The affirmative approach we take in the Science of Mind philosophy and practice is uplifting and can be tremendously empowering. Our prayers are positive, and we speak them with creative authority. We call forth new possibilities, refusing to be bogged down in conditions or held back by less-than-ideal circumstances. We purposefully align with everything desirable and constructive, claiming All Good as our “Spiritual Truth.”
It grooves beautifully with this time of year, too, as we welcome in a new calendar of opportunities: Out with the old, in with the new! Accentuate the positive and eliminate the negative! So long lack and limitation, hello hope and transformation!
There’s another neat part to this. Because we don’t want to postpone our fulfillment into some vague future, we claim it RIGHT NOW. We affirm our good as the capital-T Truth in the present tense, with surety and conviction. This comes straight from the mysticism of Jesus in the Bible: “Therefore I tell you, whatever you ask for in prayer, believe that you have received it, and it will be yours.” (Mark 11:24)
All of this is compelling and exciting stuff. It inspires me. It can be fierce in the face of despair and downright unstoppable as an approach to life’s challenges. Name Good and claim Good, and so it is.
It can also sound like a load of malarkey. A friend gave me a magnet on Christmas Eve that said, “Believing bullshit doesn’t make it real.” Excellent point.
The important thing to remember as we exercise the power of our word through affirmation and prayer is that it’s about declaration — not observation.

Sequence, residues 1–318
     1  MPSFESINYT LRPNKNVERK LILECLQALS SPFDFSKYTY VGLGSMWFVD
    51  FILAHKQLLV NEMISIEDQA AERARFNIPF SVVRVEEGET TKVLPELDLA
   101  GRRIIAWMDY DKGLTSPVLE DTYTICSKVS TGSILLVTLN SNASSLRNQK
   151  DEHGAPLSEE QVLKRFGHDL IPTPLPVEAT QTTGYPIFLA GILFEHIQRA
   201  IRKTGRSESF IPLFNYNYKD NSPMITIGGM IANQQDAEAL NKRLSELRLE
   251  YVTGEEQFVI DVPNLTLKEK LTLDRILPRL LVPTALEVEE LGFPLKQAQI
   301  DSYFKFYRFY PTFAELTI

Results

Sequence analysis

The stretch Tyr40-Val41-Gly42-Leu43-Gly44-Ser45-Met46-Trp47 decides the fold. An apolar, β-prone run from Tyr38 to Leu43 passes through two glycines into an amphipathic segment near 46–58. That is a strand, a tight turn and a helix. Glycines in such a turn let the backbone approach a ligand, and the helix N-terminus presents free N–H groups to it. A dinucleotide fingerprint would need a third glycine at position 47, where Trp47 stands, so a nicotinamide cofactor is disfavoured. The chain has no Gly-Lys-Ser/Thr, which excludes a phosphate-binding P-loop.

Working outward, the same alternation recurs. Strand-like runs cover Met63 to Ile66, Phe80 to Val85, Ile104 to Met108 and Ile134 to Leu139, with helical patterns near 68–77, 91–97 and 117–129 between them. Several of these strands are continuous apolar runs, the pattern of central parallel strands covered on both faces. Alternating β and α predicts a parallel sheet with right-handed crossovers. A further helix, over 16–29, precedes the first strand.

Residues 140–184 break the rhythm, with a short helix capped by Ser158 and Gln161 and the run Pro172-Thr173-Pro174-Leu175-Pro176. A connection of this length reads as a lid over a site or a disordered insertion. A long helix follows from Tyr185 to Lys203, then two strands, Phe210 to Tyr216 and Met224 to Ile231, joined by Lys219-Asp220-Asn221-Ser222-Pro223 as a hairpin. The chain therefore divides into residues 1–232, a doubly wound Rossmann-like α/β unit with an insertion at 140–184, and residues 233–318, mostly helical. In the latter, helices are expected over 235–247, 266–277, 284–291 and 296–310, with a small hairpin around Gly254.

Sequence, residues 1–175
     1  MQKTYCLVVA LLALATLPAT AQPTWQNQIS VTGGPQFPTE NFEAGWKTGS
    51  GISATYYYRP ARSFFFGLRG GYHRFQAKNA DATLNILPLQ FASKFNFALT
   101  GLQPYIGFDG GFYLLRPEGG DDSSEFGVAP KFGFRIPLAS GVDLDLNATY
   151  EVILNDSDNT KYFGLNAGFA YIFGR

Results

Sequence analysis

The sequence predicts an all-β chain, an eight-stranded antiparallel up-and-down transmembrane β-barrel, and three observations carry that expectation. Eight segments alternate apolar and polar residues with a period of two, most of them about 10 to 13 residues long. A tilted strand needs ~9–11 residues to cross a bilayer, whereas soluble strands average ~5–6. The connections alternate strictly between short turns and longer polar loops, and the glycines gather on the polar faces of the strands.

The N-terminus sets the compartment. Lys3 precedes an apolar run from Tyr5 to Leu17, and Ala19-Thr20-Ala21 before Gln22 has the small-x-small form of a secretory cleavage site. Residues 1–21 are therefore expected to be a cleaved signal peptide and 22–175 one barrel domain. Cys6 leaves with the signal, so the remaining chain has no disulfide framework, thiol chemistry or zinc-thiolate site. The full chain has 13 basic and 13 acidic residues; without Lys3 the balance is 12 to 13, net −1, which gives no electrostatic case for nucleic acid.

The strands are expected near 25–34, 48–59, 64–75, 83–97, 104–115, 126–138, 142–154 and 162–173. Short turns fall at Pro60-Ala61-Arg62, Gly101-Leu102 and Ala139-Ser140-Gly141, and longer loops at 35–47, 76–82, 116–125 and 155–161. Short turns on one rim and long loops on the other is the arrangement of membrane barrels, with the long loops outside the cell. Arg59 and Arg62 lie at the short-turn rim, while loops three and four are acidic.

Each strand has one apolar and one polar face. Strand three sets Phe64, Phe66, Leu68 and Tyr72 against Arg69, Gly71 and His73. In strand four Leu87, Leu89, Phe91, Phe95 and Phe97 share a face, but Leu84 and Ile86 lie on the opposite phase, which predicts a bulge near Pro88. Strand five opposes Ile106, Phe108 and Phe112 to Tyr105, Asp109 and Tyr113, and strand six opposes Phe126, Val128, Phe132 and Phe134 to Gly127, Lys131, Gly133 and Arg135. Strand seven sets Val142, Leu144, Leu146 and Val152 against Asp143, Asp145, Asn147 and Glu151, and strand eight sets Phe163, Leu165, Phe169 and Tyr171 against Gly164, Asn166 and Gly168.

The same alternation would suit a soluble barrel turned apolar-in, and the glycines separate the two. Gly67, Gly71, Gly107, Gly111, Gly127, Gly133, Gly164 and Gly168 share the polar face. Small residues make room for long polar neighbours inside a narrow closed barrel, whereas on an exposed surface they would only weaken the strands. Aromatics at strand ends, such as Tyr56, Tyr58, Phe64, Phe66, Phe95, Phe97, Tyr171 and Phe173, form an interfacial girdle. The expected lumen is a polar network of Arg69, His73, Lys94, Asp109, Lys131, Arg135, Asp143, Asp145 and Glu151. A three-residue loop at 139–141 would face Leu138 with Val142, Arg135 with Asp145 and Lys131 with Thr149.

The observable, already-experienced world is loaded with hardship, pain, limitation, lack, separation, injustice; that’s all pretty obvious and it would be silly to deny its existence or reality. The future, on the other hand, can be a wide-open clearing for us to claim something shiny and new into our experience.
Here’s where it gets tricky (and where the spiritual practice of Science of Mind can stall out as idle feel-good nonsense if we’re lazy about it): We declare something, and the world happens. Life occurs. Some of it will seem to line up perfectly with all the positivity we spoke into it. Some of it will seem like the exact opposite. The whole enchilada will be a mix of “good” and “bad,” what we prayed-for and not. AND WE GET TO DEAL WITH IT ALL.
The occurring world is always life’s answer to our creative intentions. But our participation with it and in it doesn’t end when we speak a prayer like a magic spell, calling it done and good. Our ever-unfolding opportunity always is to work with Life, to meet the world in its all convoluted contradictions, to make the sense we can of it, to practice some more, and to re-imagine new possibilities out of our fresh experiences and wisdom.
And the more willing we are to reckon honestly with what shows up in our experience, the more powerful we remain in our ability to declare new possibilities into existence. There’s very little juice in willful detachment from observable reality. There is great strength, however, in freely acknowledging the mixed and messy bag of the real world, and still daring to declare a positive tomorrow.
In this spirit, here is my declaration:
- I declare that we can be authentic and forthright with ourselves and each other about what’s working and what’s not, what we hope and what we’re afraid of, where we feel stymied and blocked as well as where we see the glimmers of brighter possibility.
- I declare that we step boldly into 2019 with sparkling minds and open hearts.
- I declare a world that works for everyone, step by step by honest step.
- I declare that our togetherness is constructive, progressive, and creative.
- I declare that each of us has exactly what it takes to meet life’s every invitation, that you and I have been called to this moment to bring and be our heart’s desire for the world.
Happy New Year, friends. I can’t wait to see you this Sunday, December 30. XO, Drew